5
$\begingroup$

What, fundamentally, is an electromagnetic wave? As far as I know, all wave phenomena are derivations of an oscillating processes, e.g. particles vibrating in a medium. I can't imagine a wave process which couldn't be explained as moving particles: sound wave - movement of gas molecules, waves on the water - movement of water molecules, earthquake - movement of ground particles (and finally molecules), even phonons - vibrational motion of crystal lattice. Phonons are virtual but the atoms arranged in lattice are real.

I tend to think that the reason has to do with the restless nature of the photons along with the uncertainty principle - the impossibility to localize a primary chunk of matter (with momentum) - when we catch the wave (stop the process) the frequency is gone. But again, it looks like it is a particle and we just can't observe it with our methods.

So, what is an electromagnetic wave? How can it move vibrating across the vacuum? How can we physically interpret phenomenon of electromagnetic waves?

 

Update

The concept of field is itself very complex phenomenon to understand its physical meaning by our "everyday" mind. The field looks like a math tool to describe and predict nature events. But its physical representation is unclear. I can't think of light as some 3-D helix shaped pulsing of continuous substance :) The world is quantized and it's obvious that the sine-shape like objects cannot be elementary in reality.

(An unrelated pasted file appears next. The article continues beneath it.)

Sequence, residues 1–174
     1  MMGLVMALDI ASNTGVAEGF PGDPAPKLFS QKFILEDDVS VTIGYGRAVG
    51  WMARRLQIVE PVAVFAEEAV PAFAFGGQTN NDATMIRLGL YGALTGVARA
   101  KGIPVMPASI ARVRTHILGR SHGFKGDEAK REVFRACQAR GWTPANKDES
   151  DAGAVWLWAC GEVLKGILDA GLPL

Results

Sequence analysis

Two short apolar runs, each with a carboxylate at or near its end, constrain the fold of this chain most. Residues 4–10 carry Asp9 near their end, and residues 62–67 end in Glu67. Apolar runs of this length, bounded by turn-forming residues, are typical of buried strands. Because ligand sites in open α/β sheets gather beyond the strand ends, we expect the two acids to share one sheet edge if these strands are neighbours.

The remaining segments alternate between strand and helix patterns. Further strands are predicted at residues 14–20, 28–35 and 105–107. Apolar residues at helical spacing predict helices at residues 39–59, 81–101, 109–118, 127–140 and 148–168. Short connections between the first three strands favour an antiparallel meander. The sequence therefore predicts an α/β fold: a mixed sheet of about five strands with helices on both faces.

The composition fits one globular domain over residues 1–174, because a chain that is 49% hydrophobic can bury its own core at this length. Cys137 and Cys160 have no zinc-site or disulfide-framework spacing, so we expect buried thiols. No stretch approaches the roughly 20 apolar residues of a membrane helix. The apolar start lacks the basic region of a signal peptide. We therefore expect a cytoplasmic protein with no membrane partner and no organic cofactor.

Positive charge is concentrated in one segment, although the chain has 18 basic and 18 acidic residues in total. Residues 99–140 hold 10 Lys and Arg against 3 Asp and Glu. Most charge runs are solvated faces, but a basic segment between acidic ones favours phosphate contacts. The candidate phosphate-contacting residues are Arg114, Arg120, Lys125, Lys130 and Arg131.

$\endgroup$
  • 1
  • 6
    $\begingroup$ It really is a traveling oscillation of the electromagnetic field. $\endgroup$ – dmckee Aug 17 '13 at 2:33
  • 6
    $\begingroup$ The thinking that a wave must have a medium is what led 19th century physicist like Maxwell to obsess over complex constructions of an "aether" filling all space. None of these theories really worked and it was Einstein who finally demolished them all with relativity. The field viewpoint is really fundamental and the particles are a derived concept (in the present understanding). For example, we now understand electrons as excitations of an electron field (this conveniently explains why all electrons are identical). So the medium is the field itself and that all that's needed. $\endgroup$ – Michael Brown Aug 17 '13 at 2:47
  • $\begingroup$ en.wikipedia.org/wiki/Luminiferous_aether $\endgroup$ – Michael Brown Aug 17 '13 at 2:48
  • 1
    $\begingroup$ Why do you think a field is a purely mathematical tool, and that a point particle is not? $\endgroup$ – user12029 Aug 17 '13 at 22:19
1
$\begingroup$